Biden keeping ‘emergency’ COVID powers until May to ‘get everything done’
WASHINGTON — President Biden said Tuesday that he extended the national-emergency declaration for COVID-19 until May 11 to “get everything done.”
Biden gave the explanation hours after announcing the extension — as the Supreme Court prepares for February arguments on his attempt to put $400 billion toward student loan forgiveness by citing the emergency.
“We’ve extended it to May the 15th to make sure we get everything done. That’s all,” Biden said, misstating the end date he ordered, while departing the White House for a trip to promote a rail project in New York City.
“The COVID emergency will end when the Supreme Court ends it,” Biden also said confusingly, given his own Monday plan to end the emergency.
Biden told “60 Minutes”in September that “the pandemic is over” and didn’t say Tuesday what specifically he wanted to accomplish by extending the emergency declaration.
House Republicans plan to pass a bill Tuesday to end the national emergency, though the Democratic-held Senate is certain to block it.
Biden’s mention of the Supreme Court could have been a reference to either his attempt to forgive up to $20,000 in student loans per person or a separate case on the Department of Homeland Security’s attempt to end the Title 42 border policy, which is rooted in the emergency and allows for border officials to rapidly deport migrants.
The White House said Monday evening that Biden would allow the orders to end May 11 after more than three years in effect. A Trump-era national emergency declaration had been set to end March 1 while a public health emergency declaration had been set to end April 11.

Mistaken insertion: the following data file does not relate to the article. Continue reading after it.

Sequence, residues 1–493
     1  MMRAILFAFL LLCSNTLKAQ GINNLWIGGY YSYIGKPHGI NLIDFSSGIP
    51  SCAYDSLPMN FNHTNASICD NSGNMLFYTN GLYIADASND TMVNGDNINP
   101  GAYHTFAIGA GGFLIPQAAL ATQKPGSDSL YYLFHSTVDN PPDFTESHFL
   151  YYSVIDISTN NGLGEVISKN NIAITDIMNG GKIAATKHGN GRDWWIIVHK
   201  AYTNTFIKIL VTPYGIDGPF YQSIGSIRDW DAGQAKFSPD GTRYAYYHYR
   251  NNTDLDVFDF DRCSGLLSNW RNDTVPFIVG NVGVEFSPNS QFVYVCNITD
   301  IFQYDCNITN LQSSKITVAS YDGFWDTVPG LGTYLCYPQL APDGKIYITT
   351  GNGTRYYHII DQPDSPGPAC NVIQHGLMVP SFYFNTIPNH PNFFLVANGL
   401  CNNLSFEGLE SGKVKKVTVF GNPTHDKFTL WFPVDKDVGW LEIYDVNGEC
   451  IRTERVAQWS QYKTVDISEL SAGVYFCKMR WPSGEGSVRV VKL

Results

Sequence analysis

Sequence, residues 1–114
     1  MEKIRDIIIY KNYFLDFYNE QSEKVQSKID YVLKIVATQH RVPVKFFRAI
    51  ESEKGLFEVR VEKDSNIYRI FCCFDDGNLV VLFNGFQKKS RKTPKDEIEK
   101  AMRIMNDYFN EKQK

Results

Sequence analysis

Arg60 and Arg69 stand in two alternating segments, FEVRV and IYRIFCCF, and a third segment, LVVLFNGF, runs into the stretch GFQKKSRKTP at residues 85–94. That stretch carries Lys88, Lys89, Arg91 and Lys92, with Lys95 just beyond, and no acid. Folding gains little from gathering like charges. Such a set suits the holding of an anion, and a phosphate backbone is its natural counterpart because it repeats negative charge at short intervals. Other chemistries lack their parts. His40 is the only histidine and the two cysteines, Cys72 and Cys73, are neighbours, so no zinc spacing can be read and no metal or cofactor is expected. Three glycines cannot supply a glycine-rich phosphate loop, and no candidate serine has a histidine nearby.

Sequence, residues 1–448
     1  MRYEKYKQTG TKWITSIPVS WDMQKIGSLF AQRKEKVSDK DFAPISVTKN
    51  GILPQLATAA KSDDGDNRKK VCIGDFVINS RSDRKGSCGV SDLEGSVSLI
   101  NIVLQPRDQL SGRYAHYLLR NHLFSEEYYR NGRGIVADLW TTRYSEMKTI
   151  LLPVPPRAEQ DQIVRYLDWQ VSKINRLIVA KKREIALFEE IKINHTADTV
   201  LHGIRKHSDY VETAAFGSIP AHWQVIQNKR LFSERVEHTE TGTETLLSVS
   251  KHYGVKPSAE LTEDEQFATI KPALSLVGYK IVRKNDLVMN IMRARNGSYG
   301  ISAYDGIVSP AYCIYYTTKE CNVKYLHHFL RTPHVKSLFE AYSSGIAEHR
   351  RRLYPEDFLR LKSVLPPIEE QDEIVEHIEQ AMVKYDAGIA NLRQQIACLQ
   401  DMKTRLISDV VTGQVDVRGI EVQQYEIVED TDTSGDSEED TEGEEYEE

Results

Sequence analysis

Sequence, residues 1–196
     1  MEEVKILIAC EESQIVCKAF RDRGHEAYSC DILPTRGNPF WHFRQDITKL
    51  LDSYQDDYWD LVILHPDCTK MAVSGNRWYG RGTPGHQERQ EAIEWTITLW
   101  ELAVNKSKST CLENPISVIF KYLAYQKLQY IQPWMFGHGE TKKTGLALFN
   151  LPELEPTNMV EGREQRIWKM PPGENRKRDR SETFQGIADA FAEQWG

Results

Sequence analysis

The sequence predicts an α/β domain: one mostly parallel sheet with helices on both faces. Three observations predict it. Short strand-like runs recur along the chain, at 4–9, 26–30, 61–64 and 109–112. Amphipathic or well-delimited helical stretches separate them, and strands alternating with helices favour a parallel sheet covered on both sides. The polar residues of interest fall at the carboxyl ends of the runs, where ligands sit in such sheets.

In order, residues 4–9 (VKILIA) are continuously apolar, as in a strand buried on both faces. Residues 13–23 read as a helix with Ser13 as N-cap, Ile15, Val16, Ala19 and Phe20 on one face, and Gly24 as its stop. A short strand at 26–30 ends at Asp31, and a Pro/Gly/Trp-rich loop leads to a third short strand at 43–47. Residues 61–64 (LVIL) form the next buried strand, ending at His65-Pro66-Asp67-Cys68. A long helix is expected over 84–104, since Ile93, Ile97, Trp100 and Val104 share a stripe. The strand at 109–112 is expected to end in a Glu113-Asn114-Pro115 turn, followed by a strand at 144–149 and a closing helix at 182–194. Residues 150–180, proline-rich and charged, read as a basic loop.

“At present, the Administration’s plan is to extend the emergency declarations to May 11, and then end both emergencies on that date,” the statement said.
The White House budget office on Monday evening cited just two areas of policy — healthcare and the US-Mexico border —that required a “wind-down” of the emergency authorities by temporarily continuing certain Medicaid funding policies and border rules.
The White House didn’t mention student loan forgiveness as being affected by the declaration, despite Biden’s pre-midterm election citation of a 2003 law that allows the president to “alleviate hardship” for student loan recipients during a national emergency.
The White House on Tuesday gave mixed messaging on whether border policy truly would be impacted by earlier termination of the emergency powers.
“[T]he end of the public health emergency will end the Title 42 policy at the border,” the White House budget office said Monday. “The Administration supports an orderly, predictable wind-down of Title 42, with sufficient time to put alternative policies in place.”
But White House deputy press secretary Olivia Dalton told reporters Tuesday on Air Force One, “We do not know when the Supreme Court will rule on this matter … or when it might lift its stay.”
The Supreme Court is likely to rule in the Title 42 case near the end of its term in June.